unexceptionable


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un·ex·cep·tion·a·ble

 (ŭn′ĭk-sĕp′shə-nə-bəl)
adj.
Beyond any reasonable objection; irreproachable.

un′ex·cep′tion·a·bly adv.
Usage Note: The adjectives unexceptionable and unexceptional are sometimes confused. Unexceptionable is derived from the word exception in its sense "objection," as in the idiom take exception. Thus unexceptionable means "not open to any objection": "By the end of the 1930's ... the prohibition against makeup had been lifted, and powder, lipstick, mascara and rouge had become unexceptionable parts of the beauty arsenal" (Liesl Schillinger). Unexceptional, in contrast, generally means "not exceptional, not varying from the usual": "His physical appearance must have been unexceptional, since few of those who knew him firsthand can recall anything about how he looked, other than the fact that he was small" (Daniel B. Silver).

unexceptionable

(ˌʌnɪkˈsɛpʃənəbəl)
adj
beyond criticism or objection
ˌunexˈceptionableness, ˌunexˌceptionaˈbility n
ˌunexˈceptionably adv

un•ex•cep•tion•a•ble

(ˌʌn ɪkˈsɛp ʃə nə bəl)

adj.
not offering any basis for objection; beyond criticism.
[1655–65]
un`ex•cep′tion•a•ble•ness, n.
un`ex•cep′tion•a•bly, adv.
ThesaurusAntonymsRelated WordsSynonymsLegend:
Adj.1.unexceptionable - completely acceptable; not open to exception or reproach; "two unexceptionable witnesses"; "a judge's ethics should be unexceptionable"
acceptable - worthy of acceptance or satisfactory; "acceptable levels of radiation"; "performances varied from acceptable to excellent"
Translations

unexceptionable

[ˌʌnɪkˈsepʃnəbl] ADJintachable, irreprochable

unexceptionable

adjeinwandfrei; personsolide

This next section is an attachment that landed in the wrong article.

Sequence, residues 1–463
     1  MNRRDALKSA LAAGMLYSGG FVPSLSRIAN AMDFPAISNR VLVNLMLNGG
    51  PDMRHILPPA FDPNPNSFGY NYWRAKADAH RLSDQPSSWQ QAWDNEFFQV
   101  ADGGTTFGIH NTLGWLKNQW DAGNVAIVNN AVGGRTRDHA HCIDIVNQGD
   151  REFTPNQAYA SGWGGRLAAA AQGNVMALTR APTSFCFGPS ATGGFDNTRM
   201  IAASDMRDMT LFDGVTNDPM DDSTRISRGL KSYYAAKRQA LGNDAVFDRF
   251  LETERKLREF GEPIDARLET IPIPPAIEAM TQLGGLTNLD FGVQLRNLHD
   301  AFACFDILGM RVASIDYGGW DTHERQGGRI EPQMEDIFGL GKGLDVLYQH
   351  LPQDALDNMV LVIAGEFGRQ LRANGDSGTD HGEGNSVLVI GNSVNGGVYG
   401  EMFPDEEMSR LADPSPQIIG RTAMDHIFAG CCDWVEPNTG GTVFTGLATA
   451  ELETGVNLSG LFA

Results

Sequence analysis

unexceptionable

[ˌʌnɪkˈsɛpʃnəbl] (frm) adj (behaviour) → irreprensibile; (style) → ineccepibile; (speech) → inappuntabile
References in classic literature ?
Weston was a man of unexceptionable character, easy fortune, suitable age, and pleasant manners; and there was some satisfaction in considering with what selfdenying, generous friendship she had always wished and promoted the match; but it was a black morning's work for her.
I expected to find her temper hasty, but it was not so--her behavior was unexceptionable.
Though this provision has been assailed, on different grounds, with no small degree of vehemence, I scruple not to declare my firm persuasion, that it is one of the best digested and most unexceptionable parts of the plan.
A fifth is of opinion that a bill of rights of any sort would be superfluous and misplaced, and that the plan would be unexceptionable but for the fatal power of regulating the times and places of election.
I had it there now before my eyes, bearing upon it the unexceptionable testimony of its catastrophe.
Wild eyes, the iris of which contracts or dilates at pleasure," said Debray; "facial angle strongly developed, magnificent forehead, livid complexion, black beard, sharp and white teeth, politeness unexceptionable.
Then, of course, I might refashion life and character entirely after my own liking; I might select the most unexceptionable type of clergyman and put my own admirable opinions into his mouth on all occasions.
To tell the truth, Mehevi was indebted to the excellence of his viands for the honour of my repeated visits--a matter which cannot appear singular, when it is borne in mind that bachelors, all the world over, are famous for serving up unexceptionable repasts.
The Haunted House," by the same author, is one of the truest poems ever written,--one of the truest, one of the most unexceptionable, one of the most thoroughly artistic, both in its theme and in its execution.
Sir Walter spurned the idea of its being offered in any manner; forbad the slightest hint being dropped of his having such an intention; and it was only on the supposition of his being spontaneously solicited by some most unexceptionable applicant, on his own terms, and as a great favour, that he would let it at all.
Vernon, to whom her own behaviour was far from unexceptionable, might for a time make her wish for retirement.
Renfrew, the colonel's widow, was not only unexceptionable in point of breeding, but also interesting on the ground of her complaint, which puzzled the doctors, and seemed clearly a case wherein the fulness of professional knowledge might need the supplement of quackery.